ANDREW NEIL: Narcissist Julian Assange should not be extradited

ANDREW NEIL: Julian Assange is reckless, stupid and a narcissist – but he exposed the truth and should NOT rot in an American jail

Home Secretary Priti Patel has signed an order to extradite Julian Assange to America, where he is wanted on 18 charges of espionage and could be imprisoned for life. If it were his character and behaviour that were up for trial, we’d probably say good riddance. The founder of WikiLeaks is not a person deserving of much sympathy.

But the stakes are far higher than that — no less than the future of a free Press and, above all, its ability to undertake investigative journalism that embarrasses or shames the powers that be. Patel’s decision hovers like a stake over the heart of these freedoms, which are essential to any proper democracy. Those who cherish them must hope the British courts force her to think again.

Assange is no crusader in shining armour. He is reckless, cavalier with people’s lives, narcissistic, a ‘sexual predator’. Careless of his personal hygiene, he is often his own worst enemy. He lets down his friends and repels his allies.

Julian Assange is no crusader in shining armour. He is reckless, cavalier with people’s lives, narcissistic, a ‘sexual predator’. Careless of his personal hygiene, he is often his own worst enemy. He lets down his friends and repels his allies

The Wikileaks founder faces life imprisonment if he is sent to the United States 

Assange’s lawyer Jennifer Robinson, left, and his wife, Stella Moris, spoke at a news conference following Priti Patel’s decision

But it’s easy to go into bat for the upright, the just, the admirable. True freedom fighters should feel just as strongly about the freedoms of the unsavoury and the unappealing: Assange is certainly both. And let us not forget the information he made it possible for the world to see over a decade ago.

In several devastating dumps of data WikiLeaks had obtained from a disaffected U.S. intelligence officer called Bradley (now Chelsea) Manning, we learned of the ruthless, illegal and even barbaric steps America was prepared to take in its post-9/11 war against terror.

War crimes covered up. Torture. Brutality. The rendition and incarceration of suspects without due process. The corruption of inquiries trying to hold it to account. The bribery of foreign officials to look the other way when America did bad things.

All this by the self-styled greatest democracy in the world.

Home Secretary Priti Patel has signed an order to extradite Julian Assange to America, where he is wanted on 18 charges of espionage and could be imprisoned for life. If it were his character and behaviour that were up for trial, we’d probably say good riddance. The founder of WikiLeaks is not a person deserving of much sympathy

Of course, nobody can blame America for mounting a tough response to the atrocity that was 9/11 and for seeking some measure of revenge and retribution to deter any repeat. But WikiLeaks revealed that, too often, America forgot what was meant to make it different from, and better than, the Islamofascists it was fighting.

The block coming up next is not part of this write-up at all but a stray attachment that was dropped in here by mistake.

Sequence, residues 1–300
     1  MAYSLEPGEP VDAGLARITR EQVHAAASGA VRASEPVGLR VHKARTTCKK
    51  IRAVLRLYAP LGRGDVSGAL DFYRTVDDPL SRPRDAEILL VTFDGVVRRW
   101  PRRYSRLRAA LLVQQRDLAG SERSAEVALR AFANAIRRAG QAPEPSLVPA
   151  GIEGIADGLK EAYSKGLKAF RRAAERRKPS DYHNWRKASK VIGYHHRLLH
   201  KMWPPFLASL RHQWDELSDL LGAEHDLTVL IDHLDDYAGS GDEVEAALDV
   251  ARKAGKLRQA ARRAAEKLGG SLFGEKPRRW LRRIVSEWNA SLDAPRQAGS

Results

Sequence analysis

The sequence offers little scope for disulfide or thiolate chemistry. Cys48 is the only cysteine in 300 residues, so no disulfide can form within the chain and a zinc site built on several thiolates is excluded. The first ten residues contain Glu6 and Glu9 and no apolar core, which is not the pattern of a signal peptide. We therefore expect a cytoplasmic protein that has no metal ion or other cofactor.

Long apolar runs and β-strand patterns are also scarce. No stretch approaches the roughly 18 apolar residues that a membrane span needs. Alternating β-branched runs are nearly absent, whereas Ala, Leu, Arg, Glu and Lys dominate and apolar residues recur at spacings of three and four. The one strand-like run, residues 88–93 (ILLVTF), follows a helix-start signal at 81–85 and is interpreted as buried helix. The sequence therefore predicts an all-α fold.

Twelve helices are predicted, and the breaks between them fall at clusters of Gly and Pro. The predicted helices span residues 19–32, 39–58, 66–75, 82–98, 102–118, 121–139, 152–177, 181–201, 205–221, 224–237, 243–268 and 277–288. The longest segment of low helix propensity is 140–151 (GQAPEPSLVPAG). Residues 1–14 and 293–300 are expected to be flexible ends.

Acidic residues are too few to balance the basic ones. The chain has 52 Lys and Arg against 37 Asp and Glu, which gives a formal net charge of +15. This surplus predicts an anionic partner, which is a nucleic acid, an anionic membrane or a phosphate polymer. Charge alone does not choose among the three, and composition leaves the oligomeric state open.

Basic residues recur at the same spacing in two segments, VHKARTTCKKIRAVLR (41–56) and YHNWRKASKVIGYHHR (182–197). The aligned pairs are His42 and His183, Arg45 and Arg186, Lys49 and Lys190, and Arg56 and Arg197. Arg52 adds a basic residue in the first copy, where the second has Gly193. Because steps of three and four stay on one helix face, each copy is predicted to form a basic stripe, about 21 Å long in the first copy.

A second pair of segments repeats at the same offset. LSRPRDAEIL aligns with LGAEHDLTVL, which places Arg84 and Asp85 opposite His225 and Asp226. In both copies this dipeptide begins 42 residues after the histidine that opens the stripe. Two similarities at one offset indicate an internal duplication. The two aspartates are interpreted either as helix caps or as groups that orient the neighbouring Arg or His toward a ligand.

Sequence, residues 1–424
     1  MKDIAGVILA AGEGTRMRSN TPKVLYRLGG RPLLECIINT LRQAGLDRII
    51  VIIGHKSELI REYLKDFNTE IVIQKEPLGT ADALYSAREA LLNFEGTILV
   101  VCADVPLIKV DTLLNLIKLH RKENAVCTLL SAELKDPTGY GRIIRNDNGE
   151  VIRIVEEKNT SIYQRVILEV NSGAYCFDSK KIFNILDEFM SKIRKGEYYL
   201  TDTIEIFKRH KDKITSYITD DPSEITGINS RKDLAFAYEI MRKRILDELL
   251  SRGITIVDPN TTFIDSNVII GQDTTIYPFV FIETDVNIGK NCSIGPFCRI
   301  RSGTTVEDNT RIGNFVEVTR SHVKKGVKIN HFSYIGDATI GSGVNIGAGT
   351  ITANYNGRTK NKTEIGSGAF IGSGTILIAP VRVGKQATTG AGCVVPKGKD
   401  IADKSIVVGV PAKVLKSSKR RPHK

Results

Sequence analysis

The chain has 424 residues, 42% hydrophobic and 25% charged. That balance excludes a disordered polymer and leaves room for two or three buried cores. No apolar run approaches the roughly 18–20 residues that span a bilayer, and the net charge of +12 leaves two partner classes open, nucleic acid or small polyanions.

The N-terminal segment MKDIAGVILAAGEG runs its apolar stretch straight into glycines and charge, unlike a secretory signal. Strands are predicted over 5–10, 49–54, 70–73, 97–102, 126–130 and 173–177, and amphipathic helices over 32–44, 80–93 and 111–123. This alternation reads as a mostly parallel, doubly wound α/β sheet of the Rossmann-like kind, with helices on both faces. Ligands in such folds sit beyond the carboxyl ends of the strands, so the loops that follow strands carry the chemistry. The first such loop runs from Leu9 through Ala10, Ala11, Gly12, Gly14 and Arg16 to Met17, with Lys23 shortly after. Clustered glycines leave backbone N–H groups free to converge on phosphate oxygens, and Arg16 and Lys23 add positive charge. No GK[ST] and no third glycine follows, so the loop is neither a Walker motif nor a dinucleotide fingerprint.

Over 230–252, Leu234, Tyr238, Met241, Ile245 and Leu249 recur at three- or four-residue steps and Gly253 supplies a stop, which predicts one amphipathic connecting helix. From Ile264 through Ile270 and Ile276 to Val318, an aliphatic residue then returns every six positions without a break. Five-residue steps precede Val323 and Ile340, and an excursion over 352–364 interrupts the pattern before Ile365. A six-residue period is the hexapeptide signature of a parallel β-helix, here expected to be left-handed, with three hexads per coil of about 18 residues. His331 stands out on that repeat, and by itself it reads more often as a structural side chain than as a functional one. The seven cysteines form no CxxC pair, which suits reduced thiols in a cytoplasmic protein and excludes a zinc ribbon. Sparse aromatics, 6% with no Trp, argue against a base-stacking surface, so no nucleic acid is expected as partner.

Readers will probably remember one of the most damning and egregious revelations: the video of the crew of a U.S. military helicopter laughing as they shot and killed unarmed Iraqi civilians on the ground, including a Reuters photographer. To this day, no one in that helicopter has been held to account.

It is thanks to Assange that we know many appalling things that America would prefer we didn’t know. He does not deserve to spend the rest of his life in some high-tech American hellhole for doing what should come naturally to all good journalists — exposing what powerful people don’t want to be exposed.

Readers will probably remember one of the most damning and egregious revelations: the video of the crew of a U.S. military helicopter laughing as they shot and killed unarmed Iraqi civilians on the ground, including a Reuters photographer. To this day, no one in that helicopter has been held to account

Yes, he was stupid, in September 2011, to dump the entire WikiLeaks library of 250,000 secret U.S. cables on to the internet. Responsible journalism requires the careful sifting of information before publication so that lives are not put in danger. His recklessness caused some of his mainstream media allies to part company with him.

Of course, jumping bail and holing up in the Ecuador embassy in London for seven years to avoid extradition to Sweden to face rape charges did nothing to enhance his reputation for honesty or straight-shooting. We are dealing here with more of a sinner than a saint.

But if he ends up incarcerated in America, journalists all over what is still called the free world will wonder if it’s worth the risk when they are presented with classified information that deserves to see daylight in the public interest. I have no doubt that is why the U.S. authorities are pursuing him — and maybe even why our Home Office is complicit.

We’ve been here before. Fifty years ago, the U.S. government tried (and fortunately failed) to jail Daniel Ellsberg, the whistleblower behind the Pentagon Papers, which revealed the appalling, duplicitous manner in which America was fighting the Vietnam War, including the secret and illegal bombing of Laos and Cambodia.

So listen to what Ellsberg, now 91, has to say about Assange: ‘If he is extradited, then journalists anywhere in the world could be extradited to the U.S. for exposing classified information.’

If he ends up incarcerated in America, journalists all over what is still called the free world will wonder if it’s worth the risk when they are presented with classified information that deserves to see daylight in the public interest. I have no doubt that is why the U.S. authorities are pursuing him — and maybe even why our Home Office is complicit

Priti Patel should take note. She should also realise that if the shoe were on the other foot and the UK authorities wanted an American-based journalist to be extradited to London for revealing classified British material, there is simply no way America would comply.